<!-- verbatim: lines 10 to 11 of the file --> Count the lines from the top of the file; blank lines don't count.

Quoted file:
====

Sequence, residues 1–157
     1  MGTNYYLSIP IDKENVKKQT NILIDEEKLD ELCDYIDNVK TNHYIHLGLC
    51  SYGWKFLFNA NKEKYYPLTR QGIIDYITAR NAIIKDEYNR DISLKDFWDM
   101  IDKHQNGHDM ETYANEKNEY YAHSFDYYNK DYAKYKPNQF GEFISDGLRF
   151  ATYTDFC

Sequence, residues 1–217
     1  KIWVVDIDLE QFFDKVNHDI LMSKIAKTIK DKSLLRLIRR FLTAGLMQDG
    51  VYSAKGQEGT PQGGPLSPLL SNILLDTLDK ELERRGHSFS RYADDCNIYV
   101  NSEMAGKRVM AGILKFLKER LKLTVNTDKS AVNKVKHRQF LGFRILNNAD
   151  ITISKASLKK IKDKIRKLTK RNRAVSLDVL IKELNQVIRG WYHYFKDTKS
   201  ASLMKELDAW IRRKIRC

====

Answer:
   151  ITISKASLKK IKDKIRKLTK RNRAVSLDVL IKELNQVIRG WYHYFKDTKS
   201  ASLMKELDAW IRRKIRC